The agreement to halt some aspects of Iran’s nuclear program in exchange for temporary relief from international sanctions is being hailed as a breakthrough in U.S.-Iranian relations, a detente after decades of animosity.
Proponents of the U.S. efforts to seek a diplomatic solution to the nuclear quandary claimed that the regime came to the table because recent world sanctions crippled the Iranian economy. There have also been suggestions that Iran’s new “moderate” regime is pursuing real changes as a way to join the global economy.
Geopolitical reality, however, offers a different perspective on Iranian motivations. Iran is locked in a brutal and expensive proxy war in Syria supporting the regime of Bashar al-Assad. Its primary adversaries, Saudi Arabia and the other Gulf states, have funded and armed the largely Sunni resistance movement. The conflict is at a stalemate. Government forces have difficulty exercising any measure of control outside of Damascus. As a result, external support may be decisive. Iran is at a disadvantage because global sanctions have cut the oil profits used to finance Assad’s forces.
The U.S. sanctions imposed over the last several years ingeniously strengthened existing multilateral action by adding further restrictions and making the U.S. a unilateral enforcer.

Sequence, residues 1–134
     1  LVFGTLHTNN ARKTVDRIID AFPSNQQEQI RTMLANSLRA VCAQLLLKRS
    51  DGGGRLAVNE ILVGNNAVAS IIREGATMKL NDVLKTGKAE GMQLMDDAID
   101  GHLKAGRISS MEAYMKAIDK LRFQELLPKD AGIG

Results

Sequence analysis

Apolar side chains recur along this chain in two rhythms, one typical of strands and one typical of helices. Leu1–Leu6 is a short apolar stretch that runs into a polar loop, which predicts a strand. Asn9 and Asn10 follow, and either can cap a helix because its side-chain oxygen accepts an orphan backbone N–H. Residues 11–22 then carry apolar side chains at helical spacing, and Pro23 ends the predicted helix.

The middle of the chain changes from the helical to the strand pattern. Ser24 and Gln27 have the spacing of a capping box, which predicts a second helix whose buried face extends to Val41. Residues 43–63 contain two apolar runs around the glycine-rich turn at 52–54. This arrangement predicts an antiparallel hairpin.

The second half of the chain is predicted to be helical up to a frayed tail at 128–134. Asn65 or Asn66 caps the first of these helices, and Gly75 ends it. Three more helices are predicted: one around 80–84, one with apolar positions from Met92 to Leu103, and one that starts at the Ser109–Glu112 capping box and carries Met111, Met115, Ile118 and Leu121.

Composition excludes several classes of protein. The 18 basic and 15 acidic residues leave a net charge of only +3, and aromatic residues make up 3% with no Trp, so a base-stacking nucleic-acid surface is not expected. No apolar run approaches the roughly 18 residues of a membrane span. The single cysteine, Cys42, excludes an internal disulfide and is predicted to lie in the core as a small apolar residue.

Iran has had plenty of opportunities to take steps in reducing the tension over its efforts to build a nuclear bomb, but, before the latest round of negotiations, it has always opted to pursue the weapons at the expense of economic gains. The recent deal seems to be a departure. President Hassan Rouhani’s government is seen as more moderate than its predecessor. It has also proved adept at navigating geopolitics and advancing its interests. The U.S. decision not to order airstrikes on Syria this summer might have relieved some of Iran’s fears, creating an opening to make the regional conflict its top priority and invest in protecting Assad.
Even assuming Iran is acting in good faith with this week’s nuclear deal, we should prepare appropriate steps should the agreement sour over the next year. Some part of the $7 billion Iran will secure after oil sanctions are suspended will probably make its way to Syria and also fund Hezbollah fighters in the country. Should that financing be sufficient to prolong the proxy war for an additional six months, it will be interesting to see whether Iran is willing to leverage its nuclear ambitions a second time before the U.S. demands a long-term deal next year.
(Scott Helfstein is the director of strategic initiatives for the Combating Terrorism Center and an assistant professor at the United States Military Academy.)
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